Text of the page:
A new fossil has once again fired up the debate over the
theory of the dinosaur origin of birds. The
theory states that birds arose around 150 million years ago from fast-running,
warm-blooded dinosaurs, known as theropods.
The find was made in Liaoning province in northeastern China, an area
that has produced other non-avian theropod dinosaurs with feather-like
structures. The fossil, reported in
the April 26, 2001 issue of Nature, is that of a dromaeosaur, a group of small
theropods, which includes Velociraptor, made famous by Jurassic Park.
Although it obviously could not fly, it is distinctive due to what
appears to be a covering of downy feathers.
The discovery team was headed by Qiang Ji of the Chinese Academy of
Sciences in Beijing and Mark Norell of the American Museum of Natural History in
New York. These paleontologists and
others have pointed to the earlier finds of feathered theropods in the Yixian
Formation (dated at 125 million years ago) of Liaoning Province to support the
dinosaur-bird ancestral link. One, known as Sinosauropteryx, sported a downy fringe
along its neck and backbone. Critics,
led by ornithologists such as Alan Feduccia, dismissed these as frayed internal
collagen fibers. Two others, dubbed
Caudipteryx and Protoarchaeopteryx, displayed what supporters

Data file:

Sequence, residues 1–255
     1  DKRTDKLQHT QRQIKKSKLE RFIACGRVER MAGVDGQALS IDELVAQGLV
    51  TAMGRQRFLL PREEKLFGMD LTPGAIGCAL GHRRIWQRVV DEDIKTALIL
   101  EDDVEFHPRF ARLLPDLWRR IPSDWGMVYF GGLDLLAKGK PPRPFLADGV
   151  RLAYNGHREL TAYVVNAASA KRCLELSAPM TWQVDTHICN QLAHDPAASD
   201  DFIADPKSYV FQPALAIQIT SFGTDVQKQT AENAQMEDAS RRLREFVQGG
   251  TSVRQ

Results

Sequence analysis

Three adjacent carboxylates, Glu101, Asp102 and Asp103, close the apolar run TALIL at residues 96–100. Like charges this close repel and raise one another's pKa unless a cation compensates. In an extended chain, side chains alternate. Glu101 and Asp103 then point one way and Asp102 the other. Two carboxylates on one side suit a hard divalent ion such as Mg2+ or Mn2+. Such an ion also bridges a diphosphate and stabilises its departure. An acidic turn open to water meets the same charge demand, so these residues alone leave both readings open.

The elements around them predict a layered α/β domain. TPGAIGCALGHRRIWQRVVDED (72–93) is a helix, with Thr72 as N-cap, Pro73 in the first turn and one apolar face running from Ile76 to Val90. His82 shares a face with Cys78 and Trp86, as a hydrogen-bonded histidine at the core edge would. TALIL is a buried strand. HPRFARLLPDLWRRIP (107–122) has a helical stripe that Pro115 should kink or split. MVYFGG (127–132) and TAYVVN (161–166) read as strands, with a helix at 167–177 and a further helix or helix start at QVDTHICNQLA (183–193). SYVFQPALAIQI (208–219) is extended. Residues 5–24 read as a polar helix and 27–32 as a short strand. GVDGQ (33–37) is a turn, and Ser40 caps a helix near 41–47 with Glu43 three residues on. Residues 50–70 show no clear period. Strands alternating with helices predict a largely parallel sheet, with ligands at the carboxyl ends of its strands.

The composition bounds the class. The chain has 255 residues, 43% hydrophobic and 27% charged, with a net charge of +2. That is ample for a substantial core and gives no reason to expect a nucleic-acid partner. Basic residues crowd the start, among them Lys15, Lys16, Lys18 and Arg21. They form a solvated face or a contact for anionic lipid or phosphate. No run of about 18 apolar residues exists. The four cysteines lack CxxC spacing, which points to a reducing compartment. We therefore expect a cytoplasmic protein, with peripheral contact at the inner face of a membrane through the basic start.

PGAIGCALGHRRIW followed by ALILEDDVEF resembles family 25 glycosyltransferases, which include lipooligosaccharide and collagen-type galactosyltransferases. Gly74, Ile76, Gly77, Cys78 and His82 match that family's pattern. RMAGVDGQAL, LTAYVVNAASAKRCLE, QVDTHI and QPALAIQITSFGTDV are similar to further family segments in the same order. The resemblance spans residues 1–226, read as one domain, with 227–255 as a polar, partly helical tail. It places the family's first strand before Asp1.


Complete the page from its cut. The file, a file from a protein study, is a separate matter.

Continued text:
consider true feathers [see ScienceWatch, Jan./Feb. 1999 or "Birds(?)
of a Feather??" for a complete description of these fossils].
The latest find is that of an animal, about three feet
long, with a rigid tail, curved wrist bone and claw-like toe, all characteristic
of an ordinary dromoaeosaur. However,
the observer is struck by a delicate halo of what looks like down feathers
surrounding the animal, especially at the head. Microscopic examination has revealed that these fibers are
definitely attached to the skin. Many
other fine-structured fossils have been taken from the Yixian Formation, a
region formed from a series of lake deposits and layers of volcanic ash during
the Early Cretaceous age. The
fossil consists of two slabs, perfect impressions of the left and right halves
of the skeleton. Its head is large
for its size, leading the team to conclude it was a juvenile animal.
The appearance of a downy covering on an animal that clearly could not
fly supports the theory that feathers originally arose in warm-blooded dinosaurs
for insulation, and were adapted for flying only later on.
Dromaeosaur skeletons resemble primitive birds more so than
any other dinosaur, and as such they are considered to be their closest
relatives, sharing many features, most important of which is a furcula or
wishbone. In the past critics of
the theory have noted that no feathered dromaeosaurs were known.
So the fossil is a setback for them because now they have lost that piece
of their argument. However, diehards to the last, they contend that the
down-like imprints could be skin.
What is most amazing about this story is that through July 31 you can see this fossil on display (the original, not a copy), as I did at the American Museum of Natural History, and judge for yourself.*
you canít get to the museum and wish to see a photo of the fossil, visit the
museumís website at: www.amnh.org/science/specials/dinobird.html.
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